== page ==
Do you miss Kathmandu valley of the 1990s?
Or are you simply curious about how the valley’s locales looked in the bygone era?
If so, here's a chance to go back in time and see the vignettes of the valley of the 1990s, the decade of rapid social and political changes in Nepal. A multitude of paintings hung on the walls of Siddhartha Art Gallery at Babarmahal, Kathmandu, offer glimpses of that era.
Dubbed Aakrit, the group exhibition by artists Hitesh Vaidya, Jagdish Moktan, Nabina Sunuwar, Pooja Duwal and Tashi Lama shows artworks reflecting their personal experiences too.
That apart, the exhibition showcases a range of paintings depicting daily chores and lifestyles of men and women in the valley. They include: women knitting; men reading newspapers; farmers drying their harvests; and the picturesque locales of the valley teeming with human activities.
Some artworks also show a series of glimpses from home – such as doors, plants, gods and goddesses at the entrance of houses. Such artworks could make some audiences feel close to home.
Carved wooden windows; traditional houses attached together; and motorcycles parked on the courtyards. Such works endeavour to paint the pictures of Newar neighbourhoods of Kathmandu, Bhaktapur, Lalitpur and Bungamati areas.
There’s more. Colourful fishes swimming in a pond; white lotuses blooming; a woman walking with flowers, grains and water to worship Lord Ganesh; green hills with patches of clouds in the sky; a woman carrying her child on her back as she walks on a lakeshore.
A man sitting on the bank and washing his feet as he keeps his agriculture tools aside, against the backdrop of a blue sky.
And the artists have not forgotten their families. Jagdish Moktan has re-worked on a black-and-white photograph of the women in his family, creating a whole new artwork showing his mother and aunts whose images are painted on linen.
He said: “These photos were old and were getting damaged. I wanted to see how it looks when enlarged and framed. It will help in archiving. This is an experiment of what we can do as artists.”
As well as Kathmandu valley, the exhibition offers glimpses into 2015 Gorkha earthquake that devastated western and central Nepal, killing 9,000 people. One of the paintings shows houses standing with support from wooden poles.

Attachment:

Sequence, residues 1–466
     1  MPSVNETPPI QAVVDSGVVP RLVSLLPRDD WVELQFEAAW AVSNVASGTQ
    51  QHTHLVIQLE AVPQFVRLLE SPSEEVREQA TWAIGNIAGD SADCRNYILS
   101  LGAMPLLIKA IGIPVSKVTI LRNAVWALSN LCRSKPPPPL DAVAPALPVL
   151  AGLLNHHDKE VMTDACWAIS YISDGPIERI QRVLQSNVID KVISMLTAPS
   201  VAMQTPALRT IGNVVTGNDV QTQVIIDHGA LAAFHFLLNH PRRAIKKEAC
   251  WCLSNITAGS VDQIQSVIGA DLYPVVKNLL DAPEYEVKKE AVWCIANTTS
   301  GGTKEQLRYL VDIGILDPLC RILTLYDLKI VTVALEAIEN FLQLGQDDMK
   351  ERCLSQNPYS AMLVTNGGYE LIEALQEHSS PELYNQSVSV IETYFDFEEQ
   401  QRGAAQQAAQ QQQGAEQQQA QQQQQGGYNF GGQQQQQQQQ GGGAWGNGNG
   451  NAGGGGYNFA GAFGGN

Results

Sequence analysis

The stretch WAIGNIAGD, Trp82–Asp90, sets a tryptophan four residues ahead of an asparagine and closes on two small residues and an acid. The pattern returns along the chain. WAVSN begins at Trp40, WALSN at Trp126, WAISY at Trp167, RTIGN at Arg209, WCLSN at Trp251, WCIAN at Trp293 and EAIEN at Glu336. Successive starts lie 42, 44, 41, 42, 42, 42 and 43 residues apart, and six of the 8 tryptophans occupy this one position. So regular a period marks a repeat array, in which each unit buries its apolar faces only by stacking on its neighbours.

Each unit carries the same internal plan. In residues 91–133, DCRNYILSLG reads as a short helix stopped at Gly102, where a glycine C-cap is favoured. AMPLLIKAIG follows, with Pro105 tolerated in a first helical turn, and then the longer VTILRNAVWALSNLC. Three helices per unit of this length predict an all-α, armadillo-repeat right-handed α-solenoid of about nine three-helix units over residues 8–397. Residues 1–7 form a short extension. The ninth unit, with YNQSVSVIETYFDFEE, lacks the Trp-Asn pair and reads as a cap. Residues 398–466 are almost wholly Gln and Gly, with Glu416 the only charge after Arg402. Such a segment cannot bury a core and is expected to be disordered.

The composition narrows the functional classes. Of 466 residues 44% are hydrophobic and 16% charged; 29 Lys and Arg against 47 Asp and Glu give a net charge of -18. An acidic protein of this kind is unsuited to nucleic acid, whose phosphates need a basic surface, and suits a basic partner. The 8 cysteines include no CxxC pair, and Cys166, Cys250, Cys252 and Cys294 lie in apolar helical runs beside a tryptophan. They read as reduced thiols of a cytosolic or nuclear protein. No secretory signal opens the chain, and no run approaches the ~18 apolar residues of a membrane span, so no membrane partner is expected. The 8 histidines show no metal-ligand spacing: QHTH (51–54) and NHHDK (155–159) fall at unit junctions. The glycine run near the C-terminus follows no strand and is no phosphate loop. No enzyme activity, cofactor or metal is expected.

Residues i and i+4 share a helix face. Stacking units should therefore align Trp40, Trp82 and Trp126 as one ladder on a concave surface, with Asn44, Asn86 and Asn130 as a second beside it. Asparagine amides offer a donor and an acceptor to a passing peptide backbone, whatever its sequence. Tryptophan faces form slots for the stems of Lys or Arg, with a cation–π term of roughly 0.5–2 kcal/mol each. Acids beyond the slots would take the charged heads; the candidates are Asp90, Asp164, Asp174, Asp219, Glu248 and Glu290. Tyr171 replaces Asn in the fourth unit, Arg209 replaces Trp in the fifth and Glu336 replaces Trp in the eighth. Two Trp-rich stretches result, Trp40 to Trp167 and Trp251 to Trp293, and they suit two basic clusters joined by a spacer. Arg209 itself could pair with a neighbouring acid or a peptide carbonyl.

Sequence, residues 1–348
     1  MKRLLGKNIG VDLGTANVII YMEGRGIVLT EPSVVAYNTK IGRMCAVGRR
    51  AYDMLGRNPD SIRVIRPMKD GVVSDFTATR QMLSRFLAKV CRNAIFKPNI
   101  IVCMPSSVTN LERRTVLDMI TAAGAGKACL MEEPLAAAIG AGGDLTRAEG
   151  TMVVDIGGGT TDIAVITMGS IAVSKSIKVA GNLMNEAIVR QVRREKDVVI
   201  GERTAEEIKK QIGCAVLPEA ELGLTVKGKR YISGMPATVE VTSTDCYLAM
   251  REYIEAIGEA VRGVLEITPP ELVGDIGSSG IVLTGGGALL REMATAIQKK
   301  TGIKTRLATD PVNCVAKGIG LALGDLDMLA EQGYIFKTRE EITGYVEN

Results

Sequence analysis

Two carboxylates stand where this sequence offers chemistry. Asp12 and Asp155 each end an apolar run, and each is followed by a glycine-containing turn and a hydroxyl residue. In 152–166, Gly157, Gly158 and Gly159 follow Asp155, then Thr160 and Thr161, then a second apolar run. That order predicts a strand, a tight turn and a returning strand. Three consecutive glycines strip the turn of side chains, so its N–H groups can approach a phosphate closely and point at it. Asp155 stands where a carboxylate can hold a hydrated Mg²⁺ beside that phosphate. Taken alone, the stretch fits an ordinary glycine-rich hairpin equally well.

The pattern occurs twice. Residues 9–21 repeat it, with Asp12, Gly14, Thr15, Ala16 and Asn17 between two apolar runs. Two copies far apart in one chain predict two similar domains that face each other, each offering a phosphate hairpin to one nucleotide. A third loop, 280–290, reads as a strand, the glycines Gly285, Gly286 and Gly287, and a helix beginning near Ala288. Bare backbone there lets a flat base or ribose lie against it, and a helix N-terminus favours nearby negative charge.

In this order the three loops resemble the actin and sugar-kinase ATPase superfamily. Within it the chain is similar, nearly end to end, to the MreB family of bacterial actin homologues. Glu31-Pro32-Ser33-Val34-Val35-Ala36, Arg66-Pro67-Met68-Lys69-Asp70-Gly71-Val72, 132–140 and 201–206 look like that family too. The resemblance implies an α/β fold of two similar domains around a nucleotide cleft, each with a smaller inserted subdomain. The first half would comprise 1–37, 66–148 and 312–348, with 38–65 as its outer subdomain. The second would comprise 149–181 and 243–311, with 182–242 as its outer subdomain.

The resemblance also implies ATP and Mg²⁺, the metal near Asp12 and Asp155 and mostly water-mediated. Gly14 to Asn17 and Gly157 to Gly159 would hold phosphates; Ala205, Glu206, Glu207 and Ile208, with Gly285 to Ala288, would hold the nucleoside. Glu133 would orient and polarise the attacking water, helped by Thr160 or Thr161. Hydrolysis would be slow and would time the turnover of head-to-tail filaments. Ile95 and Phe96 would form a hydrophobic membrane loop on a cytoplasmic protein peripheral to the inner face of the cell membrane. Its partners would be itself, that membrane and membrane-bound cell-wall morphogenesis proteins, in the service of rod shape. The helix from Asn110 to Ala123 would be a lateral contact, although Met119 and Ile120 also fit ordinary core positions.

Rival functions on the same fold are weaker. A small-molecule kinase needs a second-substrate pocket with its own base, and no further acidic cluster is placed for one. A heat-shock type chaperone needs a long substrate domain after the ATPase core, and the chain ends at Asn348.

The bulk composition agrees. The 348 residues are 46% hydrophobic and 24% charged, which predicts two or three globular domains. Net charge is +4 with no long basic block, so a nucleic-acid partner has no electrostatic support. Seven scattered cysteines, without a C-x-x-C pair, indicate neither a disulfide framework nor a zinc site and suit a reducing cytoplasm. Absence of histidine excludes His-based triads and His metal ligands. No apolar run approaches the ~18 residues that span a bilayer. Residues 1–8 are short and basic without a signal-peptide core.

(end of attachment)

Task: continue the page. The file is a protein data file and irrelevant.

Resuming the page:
Use of wooden planks might surprise aficionados accustomed to seeing paintings with modern frames. Artist Hitesh Vaidya has used acrylic on wooden panels to show the life of people living in and around Kamalbinayak and Brahmayani.
Moktan said: “Vaidya’s house was damaged in the Gorkha earthquake and he used the wooden planks of the damaged house to paint in his earlier series of paintings. This collection too is a series of wooden plank work.”
Overall, he added: “These artworks are a collection of our experiences and it’s a homage to memory, home, family, history, migration and nostalgia.”
Terrace farming; Ghats on a riverside; traditional houses lined up in a cluster; farmers working on their field, digging, sowing, weeding, while others carrying traditional Kharpans on their shoulders. Such artworks attempt to draw an extensive picture of Kathmandu valley.
Past vs present
In the past, the valley was less crowded and had greenery all around. People used to live in traditional mud houses. They had land to cultivate. Rivers flowed clean and supported life and even recreational opportunities as kids flocked to swim.
But Kathmandu is not the same; things changed as more and more people started pouring into the valley to live and work.
The exhibition offers a variety of its own. For instance, a handloom on one of the corners shows the history of carpet weaving in Kathmandu. “It is an acknowledgement to the carpet weavers,” Moktan said.
Nature and tradition dominate most artworks, which portray men as well as women of all ages, with traditional houses and alley-ways in the background. Using acrylic colours, they have tried their best to paint vivid pictures of the past.
Take this. A field filled with blooming mustard flowers in black-and-white colours makes the audience sense the beauty of the valley’s periphery in the bygone era. The landscape art by Nabina Sunuwar has a potential to leave many art aficionados awe-struck.
Careful selection of colours are a treat to the eyes. The light yellow colour used to reflect sunlight on the paintings make them livelier. Use of red and green colours attracts the audiences. Overall, the attractive blend of vibrant colours makes most artworks eye-catching.
The exhibition will be on till October 31.